How To Set Goals That Work for 2022

A pocket watch hanging above a leafy path
Photo by Andrik Langfield on Unsplash

This is a time of year when people tend to make goals for the coming year. As I’ve spent the past year writing about how I’ve come to redefine goals, I thought it would be worth taking a look at some tips for pursuing goals differently and more effectively this year.

These steps are ones I’ll be using as I look to hone my system of “sustainable life goals.” The key is not to think of goals as moments in time or points on a graph, but as ways of living. This shifts away from so many of the things that serve to undermine so many attempts to set goals. Rather than feeling one has to chase a target, the process instead becomes one of feedback and improvement.

Instead of wondering, “what comes next?”, every day becomes an opportunity to live a certain way.

Instead of thinking, “I have to do a workout today” or “I can’t have chocolate today” and risking getting injured, or just being miserable, or pursuing specific targets that bring little joy even if you get there, decisions become both more responsible and less demanding, of the “am I travelling a path I’m happy with?” kind of way.

So as you enter the New Year, rather than setting goals or resolutions, how about doing these things instead.

  • Identify about five areas in your life that are really valuable to you — these could be things like family, money, health, friendships, intellectual satisfaction, creative satisfaction, doing well at an interest you love, learning.
  • Write them as headings on a blank page in a journal, or columns on a spreadsheet, or a bit of paper you pin to the wall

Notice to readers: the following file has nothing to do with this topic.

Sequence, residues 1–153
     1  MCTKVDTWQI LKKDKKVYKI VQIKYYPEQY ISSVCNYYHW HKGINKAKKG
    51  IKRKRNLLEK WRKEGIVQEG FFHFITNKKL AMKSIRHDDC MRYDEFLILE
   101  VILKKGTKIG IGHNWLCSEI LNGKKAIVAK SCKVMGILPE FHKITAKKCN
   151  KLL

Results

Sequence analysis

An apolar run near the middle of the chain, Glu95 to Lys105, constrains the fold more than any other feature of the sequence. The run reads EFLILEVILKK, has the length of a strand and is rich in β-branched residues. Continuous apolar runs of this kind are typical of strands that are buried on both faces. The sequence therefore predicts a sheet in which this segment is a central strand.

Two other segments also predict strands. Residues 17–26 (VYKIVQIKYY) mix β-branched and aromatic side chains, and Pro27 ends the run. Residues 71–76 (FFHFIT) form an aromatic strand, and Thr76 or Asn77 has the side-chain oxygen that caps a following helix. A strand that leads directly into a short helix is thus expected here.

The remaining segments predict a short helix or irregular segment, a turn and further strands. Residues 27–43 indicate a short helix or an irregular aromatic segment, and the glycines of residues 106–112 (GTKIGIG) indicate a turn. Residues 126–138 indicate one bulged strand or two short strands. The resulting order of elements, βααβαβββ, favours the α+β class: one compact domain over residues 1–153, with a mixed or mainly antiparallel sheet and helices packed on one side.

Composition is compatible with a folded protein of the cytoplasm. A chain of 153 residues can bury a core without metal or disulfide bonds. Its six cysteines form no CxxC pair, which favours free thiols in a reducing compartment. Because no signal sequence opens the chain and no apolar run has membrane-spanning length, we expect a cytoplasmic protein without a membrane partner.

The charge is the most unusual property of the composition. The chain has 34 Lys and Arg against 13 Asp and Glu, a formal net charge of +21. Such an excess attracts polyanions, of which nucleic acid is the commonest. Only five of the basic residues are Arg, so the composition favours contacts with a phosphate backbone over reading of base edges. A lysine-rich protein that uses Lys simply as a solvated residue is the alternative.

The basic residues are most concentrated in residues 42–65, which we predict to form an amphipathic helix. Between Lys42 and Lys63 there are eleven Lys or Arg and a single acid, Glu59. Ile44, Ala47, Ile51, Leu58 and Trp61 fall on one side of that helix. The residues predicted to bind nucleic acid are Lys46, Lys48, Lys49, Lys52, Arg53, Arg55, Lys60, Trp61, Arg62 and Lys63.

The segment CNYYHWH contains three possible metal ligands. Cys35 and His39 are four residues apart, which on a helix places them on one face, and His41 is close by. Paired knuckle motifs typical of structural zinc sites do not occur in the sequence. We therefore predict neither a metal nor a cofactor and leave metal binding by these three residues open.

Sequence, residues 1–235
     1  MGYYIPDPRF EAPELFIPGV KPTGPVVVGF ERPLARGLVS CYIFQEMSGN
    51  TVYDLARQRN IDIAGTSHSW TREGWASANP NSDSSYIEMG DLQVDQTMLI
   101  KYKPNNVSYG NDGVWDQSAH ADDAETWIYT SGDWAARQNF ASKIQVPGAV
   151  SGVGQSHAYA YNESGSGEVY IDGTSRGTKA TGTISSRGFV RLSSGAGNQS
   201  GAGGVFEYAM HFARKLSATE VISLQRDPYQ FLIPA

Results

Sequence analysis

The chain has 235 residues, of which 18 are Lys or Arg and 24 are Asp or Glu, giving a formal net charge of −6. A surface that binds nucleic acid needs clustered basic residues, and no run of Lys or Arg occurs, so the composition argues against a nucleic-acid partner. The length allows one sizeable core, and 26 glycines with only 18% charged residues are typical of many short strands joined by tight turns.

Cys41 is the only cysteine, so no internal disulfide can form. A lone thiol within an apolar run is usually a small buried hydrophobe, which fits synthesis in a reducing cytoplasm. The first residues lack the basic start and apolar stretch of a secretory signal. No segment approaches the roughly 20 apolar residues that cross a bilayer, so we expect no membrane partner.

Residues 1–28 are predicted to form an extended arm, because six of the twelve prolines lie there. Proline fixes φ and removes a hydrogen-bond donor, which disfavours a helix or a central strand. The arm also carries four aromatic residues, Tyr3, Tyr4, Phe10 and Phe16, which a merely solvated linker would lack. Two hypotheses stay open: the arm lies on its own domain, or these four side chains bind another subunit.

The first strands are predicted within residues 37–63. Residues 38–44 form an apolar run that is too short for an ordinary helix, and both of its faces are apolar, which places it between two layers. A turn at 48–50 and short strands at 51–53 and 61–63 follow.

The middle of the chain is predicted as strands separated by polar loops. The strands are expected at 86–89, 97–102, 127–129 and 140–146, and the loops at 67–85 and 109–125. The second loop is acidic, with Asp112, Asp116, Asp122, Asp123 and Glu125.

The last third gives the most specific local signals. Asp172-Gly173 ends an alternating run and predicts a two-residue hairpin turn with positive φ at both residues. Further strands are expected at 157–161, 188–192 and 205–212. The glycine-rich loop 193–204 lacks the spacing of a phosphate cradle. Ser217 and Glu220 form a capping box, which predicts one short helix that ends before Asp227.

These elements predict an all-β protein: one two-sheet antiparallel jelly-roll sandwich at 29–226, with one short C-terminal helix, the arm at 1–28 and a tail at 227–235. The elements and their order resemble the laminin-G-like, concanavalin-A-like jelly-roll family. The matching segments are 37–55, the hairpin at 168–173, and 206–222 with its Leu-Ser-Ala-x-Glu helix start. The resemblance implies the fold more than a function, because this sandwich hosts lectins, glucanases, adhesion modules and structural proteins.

• Spend some time daydreaming — imagine the kind of place you’d like to be in each of those 5 areas
  • Then spend some time with your feet on the ground and in each area think of tiny things that would take you just a little bit closer to where you want to be in that area. Write them all down as a list you can add to
  • Every day next year, aim to take one of those tiny steps. Just one. Not one in each category but a single one. When you do, record it. And make a tally mark under the heading of that area where you’ve written the headings down.
  • At the end of each month (or at any time providing it’s regular), take a look at what has become your progress map — your illustration of the space under the curve. It will give you a lot of very useful information very quickly.
  • Is it almost empty although you feel like you’ve achieved a huge amount? In this case, maybe you’ve ended up doing lots of things that seemed great at the time but didn’t really help you towards the things that really mattered to you. Take this awareness into the decisions you make about your time from this moment on. And keep doing that as an iterative process.
  • Are some areas looking more densely populated than others? That’s fine, but you may want to think about some of the areas that have been getting less attention over the next chunk of time. You may even find that some areas are feeling stale, which may be because you’ve been focusing on them too much. In which case leave them for a while and come back fresh.
  • For reference, go back to the list of things you have recorded. Copy each accomplishment out under the relevant heading. This can be a really mindful activity. On the one hand it will reinforce just how far you have come towards your goals. But it will also help you reflect — are there other things you could be doing? Could you tweak these actions to make them even more effective? Could you tweak some of them so they actually help you achieve two things at once?

I would love to hear whether any of these works for you over the year, and how you approach goal setting. I hope you succeed whatever your goals are in 2022.

A version of this appeared in my last newsletter. If you would like to get this kind of content early on a very occasional basis, please do subscribe here.

If you are interested in setting better goals, you might enjoy

Our Dreams Make Different Shapes, my book about creativity




CEO & founder of Rogue Interrobang, University of Oxford spinout using creativity to solve wicked problems. 2016, 17 & 19 Creative Thinking World Champion.

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Dan Holloway

Dan Holloway

CEO & founder of Rogue Interrobang, University of Oxford spinout using creativity to solve wicked problems. 2016, 17 & 19 Creative Thinking World Champion.

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